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Ember.js and Flot charts

Update (Jun 10th, 2013): Use custom view helpers and view bindings to make it simpler and more reusable.

Continuing to play around with Ember.js I wanted to draw some charts. I’ve used flotcharts¬†with great success in the past but since it’s just a jQuery plugin it is obviously unaware of ember’s amazing data binding capabilities.

Flot requires you to pass in an array of datapoints every time you want to create or update a chart. You can’t use a bound variable in that array so we will have to use observers to manually update flot when our data changes.

Let’s create a flot view that we can re-use in our templates:

App.FlotView = Ember.View.extend({
  classNames: ['canvas'],

  didInsertElement: function() {

  chartUpdated: function() {

  renderChart: function() {
    var canvas = this.$();
    if (canvas) {

We’re assuming here that this view is being added on a context where the controller has the property datasets. We observe that property for changes and we ask flot to update the chart accordingly. Here’s how you add that in your template:

Here we pass in our controller’s property datasets. We observe that property for changes and we ask flot to update the chart accordingly. Here’s how you add that in your template:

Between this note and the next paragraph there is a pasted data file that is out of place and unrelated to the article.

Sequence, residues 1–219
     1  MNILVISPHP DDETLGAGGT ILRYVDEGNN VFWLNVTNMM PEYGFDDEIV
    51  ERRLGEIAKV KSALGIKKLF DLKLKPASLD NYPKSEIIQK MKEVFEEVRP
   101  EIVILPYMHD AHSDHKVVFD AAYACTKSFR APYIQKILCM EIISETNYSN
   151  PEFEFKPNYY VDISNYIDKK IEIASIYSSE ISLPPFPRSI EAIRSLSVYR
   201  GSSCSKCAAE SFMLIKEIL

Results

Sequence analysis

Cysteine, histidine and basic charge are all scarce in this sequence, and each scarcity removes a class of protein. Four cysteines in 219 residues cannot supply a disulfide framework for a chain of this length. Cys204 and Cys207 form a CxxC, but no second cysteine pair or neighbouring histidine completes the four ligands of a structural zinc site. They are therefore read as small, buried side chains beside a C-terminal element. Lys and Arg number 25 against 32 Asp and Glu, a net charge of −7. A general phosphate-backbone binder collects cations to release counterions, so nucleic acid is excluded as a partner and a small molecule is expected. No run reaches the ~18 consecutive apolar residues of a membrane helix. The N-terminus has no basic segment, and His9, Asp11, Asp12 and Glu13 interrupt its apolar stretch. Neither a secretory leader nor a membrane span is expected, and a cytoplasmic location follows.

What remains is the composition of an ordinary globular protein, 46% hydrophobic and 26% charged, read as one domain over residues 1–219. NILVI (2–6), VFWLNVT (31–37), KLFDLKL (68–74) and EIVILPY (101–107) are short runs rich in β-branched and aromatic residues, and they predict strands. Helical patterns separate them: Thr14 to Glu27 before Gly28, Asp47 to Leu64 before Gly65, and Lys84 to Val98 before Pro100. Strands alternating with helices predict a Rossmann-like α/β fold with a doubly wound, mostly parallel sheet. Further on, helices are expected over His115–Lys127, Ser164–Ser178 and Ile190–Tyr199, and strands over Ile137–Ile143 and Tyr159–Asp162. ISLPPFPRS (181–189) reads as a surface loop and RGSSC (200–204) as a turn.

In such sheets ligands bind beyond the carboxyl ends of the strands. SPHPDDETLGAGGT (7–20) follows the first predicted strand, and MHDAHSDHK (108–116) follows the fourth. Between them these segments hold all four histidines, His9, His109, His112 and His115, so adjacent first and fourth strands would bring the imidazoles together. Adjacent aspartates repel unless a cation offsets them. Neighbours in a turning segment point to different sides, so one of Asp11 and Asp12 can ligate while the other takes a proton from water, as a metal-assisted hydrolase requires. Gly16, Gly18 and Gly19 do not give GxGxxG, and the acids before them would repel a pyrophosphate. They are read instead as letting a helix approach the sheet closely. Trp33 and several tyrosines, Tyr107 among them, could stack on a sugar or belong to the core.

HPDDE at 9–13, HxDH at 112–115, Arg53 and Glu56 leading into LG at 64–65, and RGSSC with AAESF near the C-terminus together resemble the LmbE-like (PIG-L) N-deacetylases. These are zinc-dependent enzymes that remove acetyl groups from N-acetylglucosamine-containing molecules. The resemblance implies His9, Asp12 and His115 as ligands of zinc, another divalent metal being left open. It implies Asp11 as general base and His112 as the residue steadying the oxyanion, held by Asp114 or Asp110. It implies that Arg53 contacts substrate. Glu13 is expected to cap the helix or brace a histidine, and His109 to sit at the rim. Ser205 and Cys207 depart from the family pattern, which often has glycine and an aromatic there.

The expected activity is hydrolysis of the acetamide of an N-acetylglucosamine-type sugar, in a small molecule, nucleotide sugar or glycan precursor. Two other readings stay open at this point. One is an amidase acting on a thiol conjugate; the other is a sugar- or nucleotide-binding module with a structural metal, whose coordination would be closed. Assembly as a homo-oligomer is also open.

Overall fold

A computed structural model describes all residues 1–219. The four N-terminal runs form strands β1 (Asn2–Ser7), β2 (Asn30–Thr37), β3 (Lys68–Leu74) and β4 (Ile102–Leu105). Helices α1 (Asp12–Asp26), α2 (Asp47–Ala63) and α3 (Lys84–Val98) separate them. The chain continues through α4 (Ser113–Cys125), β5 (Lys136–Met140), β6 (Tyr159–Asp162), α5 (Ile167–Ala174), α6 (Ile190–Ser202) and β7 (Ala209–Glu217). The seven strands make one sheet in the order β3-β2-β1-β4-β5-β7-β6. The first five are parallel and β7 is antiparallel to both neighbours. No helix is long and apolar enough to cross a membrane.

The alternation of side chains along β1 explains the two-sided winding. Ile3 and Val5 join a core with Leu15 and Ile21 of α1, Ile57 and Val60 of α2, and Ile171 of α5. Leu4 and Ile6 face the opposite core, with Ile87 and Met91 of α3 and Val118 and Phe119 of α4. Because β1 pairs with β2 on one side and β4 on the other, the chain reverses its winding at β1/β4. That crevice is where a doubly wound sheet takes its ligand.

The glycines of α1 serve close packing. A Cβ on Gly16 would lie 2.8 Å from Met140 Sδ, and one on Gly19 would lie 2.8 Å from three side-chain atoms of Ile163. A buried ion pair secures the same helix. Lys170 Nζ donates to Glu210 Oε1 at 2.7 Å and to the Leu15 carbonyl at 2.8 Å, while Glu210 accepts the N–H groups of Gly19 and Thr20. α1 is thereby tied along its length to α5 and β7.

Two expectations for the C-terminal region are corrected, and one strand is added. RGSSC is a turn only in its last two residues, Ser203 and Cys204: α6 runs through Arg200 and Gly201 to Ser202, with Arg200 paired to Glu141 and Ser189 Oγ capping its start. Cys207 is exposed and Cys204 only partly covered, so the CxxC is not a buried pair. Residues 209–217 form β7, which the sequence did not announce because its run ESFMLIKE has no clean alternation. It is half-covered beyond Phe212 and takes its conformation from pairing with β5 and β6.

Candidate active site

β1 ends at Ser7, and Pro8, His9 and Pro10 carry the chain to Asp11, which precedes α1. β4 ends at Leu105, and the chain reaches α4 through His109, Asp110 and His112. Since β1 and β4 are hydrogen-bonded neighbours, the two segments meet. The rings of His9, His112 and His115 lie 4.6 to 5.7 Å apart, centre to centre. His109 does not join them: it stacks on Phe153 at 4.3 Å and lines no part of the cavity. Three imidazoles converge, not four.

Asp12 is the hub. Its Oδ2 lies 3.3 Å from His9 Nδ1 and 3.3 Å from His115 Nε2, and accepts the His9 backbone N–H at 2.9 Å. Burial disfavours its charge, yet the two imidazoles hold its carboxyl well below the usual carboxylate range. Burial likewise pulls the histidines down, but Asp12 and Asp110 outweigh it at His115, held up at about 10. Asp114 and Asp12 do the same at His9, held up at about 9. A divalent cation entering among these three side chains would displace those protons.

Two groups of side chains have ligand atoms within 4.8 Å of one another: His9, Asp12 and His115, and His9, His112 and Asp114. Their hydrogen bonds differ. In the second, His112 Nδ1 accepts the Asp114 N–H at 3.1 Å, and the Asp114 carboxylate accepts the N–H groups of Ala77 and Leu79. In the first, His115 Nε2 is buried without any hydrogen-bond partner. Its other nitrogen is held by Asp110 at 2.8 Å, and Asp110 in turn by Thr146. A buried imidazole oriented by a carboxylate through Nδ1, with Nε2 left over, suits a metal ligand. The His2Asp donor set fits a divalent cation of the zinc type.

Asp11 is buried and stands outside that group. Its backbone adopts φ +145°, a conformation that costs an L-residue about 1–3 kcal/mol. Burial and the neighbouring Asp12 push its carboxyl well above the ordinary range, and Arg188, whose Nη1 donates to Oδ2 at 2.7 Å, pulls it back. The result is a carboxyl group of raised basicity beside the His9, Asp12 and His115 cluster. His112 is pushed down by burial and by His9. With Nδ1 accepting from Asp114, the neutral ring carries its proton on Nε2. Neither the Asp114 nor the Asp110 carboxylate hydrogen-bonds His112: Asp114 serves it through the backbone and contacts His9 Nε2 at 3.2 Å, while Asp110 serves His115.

<script type="text/x-handlebars" id="charts">
  {{view App.FlotView datasetsBinding="datasets"}}

You can go further and make it cleaner by defining your custom view helper:

Ember.Handlebars.helper('piechart', App.FlotView);

And use it as simple as:

<script type="text/x-handlebars" id="charts">
  {{piechart datasets=datasets}}

For a simple line chart that datasets property should be something like an array of series [[[1, 3], [2, 14.1], [3.5, 3.14]], [[1, 3], [2, 8], [3.5, 2]]]. Refer to the flot documentation for more details on that.

Let’s say we have a controller like the following:

App.ChartsController = Ember.ArrayController.extend({
  datasets: function() {
    return {
      return chart.get('dataset');

Here we’re creating the datasets computed property that depends on @each.dataset, that is, if the dataset property changes in ANY of the underlying models associated with this ArrayController this property will be updated and the observers (as the one we defined in the view) will be notified.

The dataset property on the model could be returning either one of the mentioned series or an object with more detailed information such as labels, color, etc..

That’s all the non-standard code you need for it to work, everything else is regular models and routes, the result is pretty nice and very responsive. You can also have your models pool for server changes for an auto-updating chart, and it’s definitely a very clean and straightforward implementation for something that would require quite a few events and callbacks if we didn’t have the sweetness of databinding.

I’ve published the complete example using pie charts (their datapoints are simpler) on this JS bin.

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